Sculptor Simone Leigh becomes first black woman to represent U.S. at the Venice Biennale

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Sculptor Simone Leigh
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Brooklyn-based artist, Sculptor Simone Leigh renowned for her large-scale work celebrating Black women, has made history as the first Black woman chosen to represent the United States at the Venice Biennale, one of the world’s most prestigious art and culture events. She will make her debut in 2022.

“I feel like I’m a part of a larger group of artists and thinkers who have reached critical mass,” Leigh told The New York Times. “And despite the really horrific climate that we’ve reached, it still doesn’t distract me from the fact of how amazing it is to be a Black artist right now.”

Leigh’s Venetian show, mostly composed of sculpture, “will engage the work of black feminist thinkers who have enlarged and transcended the limits of this democracy,” she explained on Instagram.

She Wrote;

Thanks for the love everyone 🖤📷 Shaniqwa Jarvis @sheekswinsalways To be the first Black American woman to occupy the American Pavilion for the 58th La Biennale di Venezia is a great honor. I acknowledge the paradox of my position during this time when the depth of white supremacy in America is in full view. I also recognize that this is a time when black artists and intellectuals of the diaspora are flourishing and have reached critical mass. My show, comprised primarily of sculpture, will engage the work of black feminist thinkers who have enlarged and transcended the limits of this democracy. Thank you Eva Respini my curator @curator_on_the_run @icaboston and my gallery @hauserwirth and Spelman College @spelman_college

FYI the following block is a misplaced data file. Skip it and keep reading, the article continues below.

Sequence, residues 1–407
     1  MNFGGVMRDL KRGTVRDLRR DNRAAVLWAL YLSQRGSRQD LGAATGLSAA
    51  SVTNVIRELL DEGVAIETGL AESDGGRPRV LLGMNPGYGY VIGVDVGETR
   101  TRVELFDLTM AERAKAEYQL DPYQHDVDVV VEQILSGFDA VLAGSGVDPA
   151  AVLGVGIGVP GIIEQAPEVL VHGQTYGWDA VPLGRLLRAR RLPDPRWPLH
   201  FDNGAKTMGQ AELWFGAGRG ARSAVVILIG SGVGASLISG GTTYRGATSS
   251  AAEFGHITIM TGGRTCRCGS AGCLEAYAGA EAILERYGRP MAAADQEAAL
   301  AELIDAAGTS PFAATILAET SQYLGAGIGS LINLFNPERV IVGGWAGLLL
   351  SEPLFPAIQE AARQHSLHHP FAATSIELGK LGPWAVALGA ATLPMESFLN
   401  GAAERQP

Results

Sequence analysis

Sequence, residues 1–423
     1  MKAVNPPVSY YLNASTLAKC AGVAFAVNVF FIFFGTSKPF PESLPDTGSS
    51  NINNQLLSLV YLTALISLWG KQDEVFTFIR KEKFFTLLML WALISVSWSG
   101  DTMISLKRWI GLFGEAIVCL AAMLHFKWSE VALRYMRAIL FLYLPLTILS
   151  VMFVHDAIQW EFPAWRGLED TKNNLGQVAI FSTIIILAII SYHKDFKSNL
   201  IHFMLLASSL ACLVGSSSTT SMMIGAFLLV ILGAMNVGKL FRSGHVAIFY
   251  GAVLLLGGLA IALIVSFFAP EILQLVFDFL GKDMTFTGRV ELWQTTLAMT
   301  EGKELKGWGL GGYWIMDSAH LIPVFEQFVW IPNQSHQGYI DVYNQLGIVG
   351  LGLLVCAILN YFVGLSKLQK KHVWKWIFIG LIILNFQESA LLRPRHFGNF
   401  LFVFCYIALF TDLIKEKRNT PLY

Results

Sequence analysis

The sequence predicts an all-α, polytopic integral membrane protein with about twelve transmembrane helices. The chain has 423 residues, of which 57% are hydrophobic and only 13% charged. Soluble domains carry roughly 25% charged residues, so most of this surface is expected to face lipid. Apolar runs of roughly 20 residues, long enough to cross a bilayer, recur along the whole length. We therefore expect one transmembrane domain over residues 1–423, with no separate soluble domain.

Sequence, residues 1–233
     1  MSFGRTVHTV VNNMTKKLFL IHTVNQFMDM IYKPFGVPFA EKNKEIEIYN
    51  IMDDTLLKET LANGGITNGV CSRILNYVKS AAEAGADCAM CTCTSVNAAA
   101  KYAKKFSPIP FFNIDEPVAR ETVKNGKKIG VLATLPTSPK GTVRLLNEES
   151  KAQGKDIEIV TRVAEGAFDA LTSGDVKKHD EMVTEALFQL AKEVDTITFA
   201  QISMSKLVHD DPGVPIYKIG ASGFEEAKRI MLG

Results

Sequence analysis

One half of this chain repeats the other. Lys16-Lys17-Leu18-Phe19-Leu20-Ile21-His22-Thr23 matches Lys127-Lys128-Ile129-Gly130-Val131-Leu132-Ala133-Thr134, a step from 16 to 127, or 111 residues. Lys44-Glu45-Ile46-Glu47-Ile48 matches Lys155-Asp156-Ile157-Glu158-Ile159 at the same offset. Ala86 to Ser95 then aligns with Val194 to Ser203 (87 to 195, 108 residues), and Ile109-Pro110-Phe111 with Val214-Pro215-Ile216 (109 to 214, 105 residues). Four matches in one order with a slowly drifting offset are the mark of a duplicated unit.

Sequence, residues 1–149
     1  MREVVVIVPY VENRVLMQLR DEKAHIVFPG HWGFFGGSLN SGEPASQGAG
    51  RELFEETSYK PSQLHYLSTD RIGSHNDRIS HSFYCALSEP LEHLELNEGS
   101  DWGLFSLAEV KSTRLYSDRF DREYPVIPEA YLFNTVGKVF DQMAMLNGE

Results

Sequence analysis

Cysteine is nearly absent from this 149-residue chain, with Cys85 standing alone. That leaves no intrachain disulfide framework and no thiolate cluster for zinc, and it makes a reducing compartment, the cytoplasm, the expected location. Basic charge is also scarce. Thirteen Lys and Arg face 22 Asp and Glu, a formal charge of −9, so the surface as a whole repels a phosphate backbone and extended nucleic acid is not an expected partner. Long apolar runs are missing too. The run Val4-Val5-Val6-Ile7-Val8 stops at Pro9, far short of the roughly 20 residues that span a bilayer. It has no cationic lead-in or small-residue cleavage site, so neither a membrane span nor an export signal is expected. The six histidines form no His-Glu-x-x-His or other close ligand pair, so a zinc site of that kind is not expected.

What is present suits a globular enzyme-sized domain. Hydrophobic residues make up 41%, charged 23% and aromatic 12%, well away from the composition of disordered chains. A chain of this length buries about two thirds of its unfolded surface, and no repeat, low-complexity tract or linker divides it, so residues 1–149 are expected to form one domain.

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Thanks for the love everyone 🖤📷 Shaniqwa Jarvis @sheekswinsalways To be the first Black American woman to occupy the American Pavilion for the 58th La Biennale di Venezia is a great honor. I acknowledge the paradox of my position during this time when the depth of white supremacy in America is in full view. I also recognize that this is a time when black artists and intellectuals of the diaspora are flourishing and have reached critical mass. My show, comprised primarily of sculpture, will engage the work of black feminist thinkers who have enlarged and transcended the limits of this democracy. Thank you Eva Respini my curator @curator_on_the_run @icaboston and my gallery @hauserwirth and Spelman College @spelman_college

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Leigh’s Brick House statue in New York City in May 2020. [John Lamparski: Getty Images]

The presentation will run from April 23 to November 27, 2022. It’s set to be her biggest show to date.

Leigh’s work for the Biennale will feature a series of new pieces and installations, including a monumental bronze sculpture in the outdoor forecourt of the venue’s pavilion. She’ll address “an ‘incomplete archive’ of Black feminist thought, with works inspired by leading Black intellectuals,” Eva Respini, co-commissioner at the Biennale, said. “Her work insists on the centrality of Black female forms within the cultural sphere, and serves as a beacon in our moment.”

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